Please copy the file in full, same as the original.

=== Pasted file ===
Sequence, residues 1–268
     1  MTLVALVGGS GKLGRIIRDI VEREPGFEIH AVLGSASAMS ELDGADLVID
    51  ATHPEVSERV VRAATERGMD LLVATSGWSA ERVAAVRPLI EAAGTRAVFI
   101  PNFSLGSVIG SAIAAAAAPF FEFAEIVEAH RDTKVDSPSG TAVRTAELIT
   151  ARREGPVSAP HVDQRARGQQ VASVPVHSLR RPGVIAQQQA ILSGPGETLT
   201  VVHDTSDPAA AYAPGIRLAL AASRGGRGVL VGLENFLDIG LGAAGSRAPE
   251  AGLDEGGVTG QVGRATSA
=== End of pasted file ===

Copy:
Sequence, residues 1–268
     1  MTLVALVGGS GKLGRIIRDI VEREPGFEIH AVLGSASAMS ELDGADLVID
    51  ATHPEVSERV VRAATERGMD LLVATSGWSA ERVAAVRPLI EAAGTRAVFI
   101  PNFSLGSVIG SAIAAAAAPF FEFAEIVEAH RDTKVDSPSG TAVRTAELIT
   151  ARREGPVSAP HVDQRARGQQ VASVPVHSLR RPGVIAQQQA ILSGPGETLT
   201  VVHDTSDPAA AYAPGIRLAL AASRGGRGVL VGLENFLDIG LGAAGSRAPE
   251  AGLDEGGVTG QVGRATSA